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Thursday, March 30, 2006 

China Shifts to Consumer-Driven Growth

This week's Economist explains the risks associated with China's plans to shift to a predominantly consumption-driven economic growth, in an article titled Keep Growing. (Subscription required)
"But if China's growth is to be led by consumption rather than by investment and exports, as most analysts agree it needs to be in order to avoid boom-bust cycles and growing friction with trading partners, the country will need to get used to a lower saving rate. And the banks are still in poor shape. A large share of lending from the boom of 2001-04 could turn into bad debt. Although official figures for non-performing loans look encouraging, they mostly rely on the accounting trick of moving such loans into asset-management companies. China's property market, though sustained by strong demand for new urban housing, could turn into a bubble.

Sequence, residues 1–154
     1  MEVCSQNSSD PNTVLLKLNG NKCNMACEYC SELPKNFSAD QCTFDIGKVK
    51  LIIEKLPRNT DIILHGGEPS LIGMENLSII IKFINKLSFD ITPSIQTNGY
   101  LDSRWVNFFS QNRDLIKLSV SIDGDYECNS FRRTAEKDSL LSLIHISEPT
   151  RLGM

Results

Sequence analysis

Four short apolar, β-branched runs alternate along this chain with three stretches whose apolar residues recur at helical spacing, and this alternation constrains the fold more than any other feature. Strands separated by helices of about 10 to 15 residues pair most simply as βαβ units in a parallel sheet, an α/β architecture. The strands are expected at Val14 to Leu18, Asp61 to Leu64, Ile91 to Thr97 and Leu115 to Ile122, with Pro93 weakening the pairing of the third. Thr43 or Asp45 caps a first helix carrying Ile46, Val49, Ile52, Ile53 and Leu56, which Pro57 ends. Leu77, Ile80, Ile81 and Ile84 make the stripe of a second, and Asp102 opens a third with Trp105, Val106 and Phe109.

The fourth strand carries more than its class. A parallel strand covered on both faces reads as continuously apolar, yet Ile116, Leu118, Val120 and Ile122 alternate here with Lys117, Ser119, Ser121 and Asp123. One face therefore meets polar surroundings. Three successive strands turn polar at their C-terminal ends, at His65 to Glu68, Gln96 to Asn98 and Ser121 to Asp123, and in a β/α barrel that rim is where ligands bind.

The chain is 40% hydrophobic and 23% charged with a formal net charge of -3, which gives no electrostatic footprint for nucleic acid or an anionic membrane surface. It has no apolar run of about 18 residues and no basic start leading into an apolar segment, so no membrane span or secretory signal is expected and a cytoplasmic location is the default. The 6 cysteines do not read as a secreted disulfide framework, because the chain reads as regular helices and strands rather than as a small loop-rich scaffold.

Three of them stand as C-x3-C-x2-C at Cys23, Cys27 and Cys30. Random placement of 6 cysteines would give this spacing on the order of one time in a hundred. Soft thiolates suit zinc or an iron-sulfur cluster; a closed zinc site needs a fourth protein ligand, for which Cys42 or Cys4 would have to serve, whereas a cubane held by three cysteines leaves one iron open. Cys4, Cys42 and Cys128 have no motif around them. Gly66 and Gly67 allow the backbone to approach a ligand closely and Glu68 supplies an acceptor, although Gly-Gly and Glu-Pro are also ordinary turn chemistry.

Boosting private consumption could be difficult in a country with a GDP per person of only $1,700, especially given the absence of a comprehensive social-security system. The government needs to boost its own consumption first. This means spending more on health care and education, and expanding the social-security network in rural as well as urban areas."

By the way, there isn't much new in the special survey on China that is published in this week's Economist.

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